WORK EXPERIENCE: Reporter John Phillips joins custodians preserving Chepstow Castle
6:17pm Friday 20th December 2013 in News
AS I PASSED the heavy wooden doors of Chepstow Castle, I was transported back to a time of chivalry and gallantry when men wore suits of armour, crossed swords and slung arrows behind fortifications repelling enemies from foreign lands.
Walking among the ruins of the medieval stronghold, I travelled back in time to the Norman Conquest, as King William ordered his subjects to build a series of castles along the English border to keep an eye on possible incursions from the Welsh kingdoms.
Builders claimed the land for the castle just a year after the Battle of Hastings, in 1067, as the Norman king moved to stamp out rebellions throughout England.
For just a few hours, I became the custodian of the Grade I listed building, said to be the oldest surviving post-Roman stone fortification in Britain.
Custodians take me on a tour of the castle built along precipitous cliffs by the River Wye, a major artery of communications inland to Monmouth and Hereford affording an excellent defensive location. One of the guardians, Lucy Bazzard, 29, tells me: “To keep an eye on the Welsh, William built a series of castles on the Welsh border. The Welsh were very tribal at the time. William was the King of England. He was not the King of Wales. It was built for fortification and designed as a defence castle.”
Today, of course, the custodians’ main responsibilities lie in welcoming crowds of visitors who flock to the castle for summer re-enactments, open air theatre and school visits.
The shop is the main focus of attraction where custodians not only sell books and souvenirs but also answer the questions of inquisitive visitors who can wander freely among the ruins.
Knowing the history of the castle and its main features is paramount, but the guardians are keen to stress they are also able to refer to the resources kept in the souvenir centre.
Head custodian Ryan Evans, 31, has worked for the Welsh heritage body Cadw for five years and has a background in media, drama and teaching, while his colleague Ms Bazzard studied history.
Mr Evans said: “We are one of the biggest Cadw sites for school visits.
“An interest or background in history or retail helps, generally a mix of the two.”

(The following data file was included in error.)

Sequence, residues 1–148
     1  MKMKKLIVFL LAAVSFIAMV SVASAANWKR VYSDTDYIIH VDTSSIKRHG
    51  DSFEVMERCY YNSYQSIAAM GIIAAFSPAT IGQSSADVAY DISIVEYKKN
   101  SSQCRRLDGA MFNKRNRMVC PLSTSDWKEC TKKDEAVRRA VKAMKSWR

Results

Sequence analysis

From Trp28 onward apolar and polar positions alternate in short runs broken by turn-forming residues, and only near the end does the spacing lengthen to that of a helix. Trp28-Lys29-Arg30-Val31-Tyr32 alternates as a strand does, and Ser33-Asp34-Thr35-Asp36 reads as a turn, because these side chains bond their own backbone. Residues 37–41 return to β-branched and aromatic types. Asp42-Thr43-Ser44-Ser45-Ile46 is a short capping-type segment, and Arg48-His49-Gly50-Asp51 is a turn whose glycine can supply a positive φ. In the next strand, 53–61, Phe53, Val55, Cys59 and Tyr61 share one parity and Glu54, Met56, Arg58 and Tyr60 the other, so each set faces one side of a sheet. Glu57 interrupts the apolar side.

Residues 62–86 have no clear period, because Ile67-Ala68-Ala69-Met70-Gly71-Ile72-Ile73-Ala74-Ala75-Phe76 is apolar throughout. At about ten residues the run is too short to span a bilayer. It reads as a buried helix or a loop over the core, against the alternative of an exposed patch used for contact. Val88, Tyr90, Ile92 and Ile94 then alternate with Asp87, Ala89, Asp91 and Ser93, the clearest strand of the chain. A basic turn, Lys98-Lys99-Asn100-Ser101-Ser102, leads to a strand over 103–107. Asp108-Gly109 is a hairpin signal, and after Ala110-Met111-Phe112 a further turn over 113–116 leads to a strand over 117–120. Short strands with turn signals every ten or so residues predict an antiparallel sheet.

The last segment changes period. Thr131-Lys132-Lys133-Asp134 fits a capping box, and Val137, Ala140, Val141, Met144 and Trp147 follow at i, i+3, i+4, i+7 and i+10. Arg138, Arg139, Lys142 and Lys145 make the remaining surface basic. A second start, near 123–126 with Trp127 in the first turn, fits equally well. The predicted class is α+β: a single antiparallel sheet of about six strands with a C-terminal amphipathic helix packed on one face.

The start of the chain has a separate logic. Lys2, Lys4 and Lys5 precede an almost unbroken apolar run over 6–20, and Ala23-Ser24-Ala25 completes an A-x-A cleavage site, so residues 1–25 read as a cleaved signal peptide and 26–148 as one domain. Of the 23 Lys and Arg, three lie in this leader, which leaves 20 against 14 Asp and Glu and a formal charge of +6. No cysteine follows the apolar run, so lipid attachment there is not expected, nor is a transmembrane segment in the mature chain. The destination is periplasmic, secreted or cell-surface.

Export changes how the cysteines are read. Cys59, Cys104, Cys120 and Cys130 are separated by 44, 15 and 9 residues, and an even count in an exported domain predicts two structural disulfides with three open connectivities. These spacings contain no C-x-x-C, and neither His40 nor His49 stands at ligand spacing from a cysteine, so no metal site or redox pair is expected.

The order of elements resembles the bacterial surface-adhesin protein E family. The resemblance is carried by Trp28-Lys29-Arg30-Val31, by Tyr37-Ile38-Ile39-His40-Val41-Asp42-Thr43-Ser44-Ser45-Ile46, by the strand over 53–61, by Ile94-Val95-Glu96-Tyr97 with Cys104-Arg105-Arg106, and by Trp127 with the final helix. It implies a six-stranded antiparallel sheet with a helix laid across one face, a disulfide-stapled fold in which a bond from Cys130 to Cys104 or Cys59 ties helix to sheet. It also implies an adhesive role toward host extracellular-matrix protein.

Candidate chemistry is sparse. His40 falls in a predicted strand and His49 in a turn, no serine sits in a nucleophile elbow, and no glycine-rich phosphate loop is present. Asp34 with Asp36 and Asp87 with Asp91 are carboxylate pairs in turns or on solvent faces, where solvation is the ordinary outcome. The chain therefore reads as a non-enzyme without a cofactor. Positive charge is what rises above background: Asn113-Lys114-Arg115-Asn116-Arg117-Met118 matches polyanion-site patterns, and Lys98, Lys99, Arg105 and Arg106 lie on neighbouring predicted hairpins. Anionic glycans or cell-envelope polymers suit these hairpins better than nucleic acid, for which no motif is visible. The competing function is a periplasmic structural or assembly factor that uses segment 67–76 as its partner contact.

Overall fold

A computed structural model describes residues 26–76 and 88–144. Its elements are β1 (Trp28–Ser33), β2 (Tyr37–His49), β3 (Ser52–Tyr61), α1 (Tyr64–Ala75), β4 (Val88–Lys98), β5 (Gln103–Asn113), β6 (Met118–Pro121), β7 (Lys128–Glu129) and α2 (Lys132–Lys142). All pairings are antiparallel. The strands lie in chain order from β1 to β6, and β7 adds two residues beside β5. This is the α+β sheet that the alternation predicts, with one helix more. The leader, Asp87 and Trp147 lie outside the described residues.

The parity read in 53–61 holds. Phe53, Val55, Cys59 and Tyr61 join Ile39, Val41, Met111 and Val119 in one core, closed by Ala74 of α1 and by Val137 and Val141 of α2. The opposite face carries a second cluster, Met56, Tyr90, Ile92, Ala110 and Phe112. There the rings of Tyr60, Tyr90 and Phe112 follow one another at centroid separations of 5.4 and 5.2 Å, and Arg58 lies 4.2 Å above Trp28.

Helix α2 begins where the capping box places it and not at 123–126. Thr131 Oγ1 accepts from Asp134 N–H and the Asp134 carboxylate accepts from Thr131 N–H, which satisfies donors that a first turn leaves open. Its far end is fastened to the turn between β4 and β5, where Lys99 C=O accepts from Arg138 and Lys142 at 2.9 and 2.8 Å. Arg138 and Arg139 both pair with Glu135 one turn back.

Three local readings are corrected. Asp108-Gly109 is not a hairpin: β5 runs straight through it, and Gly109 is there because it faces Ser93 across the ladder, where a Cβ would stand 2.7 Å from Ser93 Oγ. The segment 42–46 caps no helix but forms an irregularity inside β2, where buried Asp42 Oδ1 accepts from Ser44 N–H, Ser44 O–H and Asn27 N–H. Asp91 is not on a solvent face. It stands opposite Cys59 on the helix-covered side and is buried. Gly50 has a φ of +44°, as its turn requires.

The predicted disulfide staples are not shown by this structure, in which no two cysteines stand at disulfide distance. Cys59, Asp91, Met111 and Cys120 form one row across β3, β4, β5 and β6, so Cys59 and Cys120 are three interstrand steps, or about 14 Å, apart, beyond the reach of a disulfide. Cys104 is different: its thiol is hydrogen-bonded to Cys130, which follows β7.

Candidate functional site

Cadw organises educational workshops helping to shed light on the lifestyle of people who lived at the castle in medieval times.
Hence, the custodians give me the chance to handle some of the implements doctors used to treat the sick at the time the castle was built, like dental extraction forceps.
I am surprised to discover that most of the visit is outdoors, among the ruins, though the castle also has two decorated rooms, a 13th century bed chamber and a room adjacent to a former banqueting hall, which was used to store alcohol.
Among the most arresting features of the castle are its wooden doors. which are thought to be the oldest in Europe.
A scientific study of the wood, known as dendrochronology, has revealed they date back to between 1159 and 1189.
Until the 1960s these doors hung in the main gateway, but are now in safe keeping in the on-site exhibition.
Cadw says the whole site is a lesson in longevity. From around 1067 through to 1690, the castle, almost chameleon-like, changed its appearance as fashions changed in military architecture.
Century after century, the castle grew and grew along its narrow cliff.
The oldest building is the Norman great tower but building work continued well into the 17th century as medieval battlements were replaced by stronger musket-friendly parapets.
Ms Bazzard tells me the only time the castle was ever breached was during the Civil War when the English government rebelled against the Crown that owned the fortification.
The castle fell to the Parliamentarian forces in 1648. A memorial to Sir Nicholas Kemey, who led the Royalist defence and was killed in combat after refusing to surrender after the castle’s fall, lies within the keep.
Every morning, the custodians open the doors to the castle with huge keys then tour the grounds for signs of damage to the fortification.
Mr Evans tells me contractors spent around two years restoring one of the outer defensive walls visitors now walk along.
According to historical records, the castle began to decay in the latter part of the 17th century when its garrison was disbanded and the buildings were partly dismantled.
Chepstow Castle in Bridge Street is open from 10am to 4pm Monday to Saturday and 11am to 4pm on Sundays in the winter. The last admission is 30 minutes before closing time.
Entry costs £4.50 for adults, £13.50 for families including two adults and two children under 16.
Senior Citizens, students and children under 16 pay £3.40 and free admission is given to people with disabilities.
For more information log on to www.cadw.wales.gov.uk.
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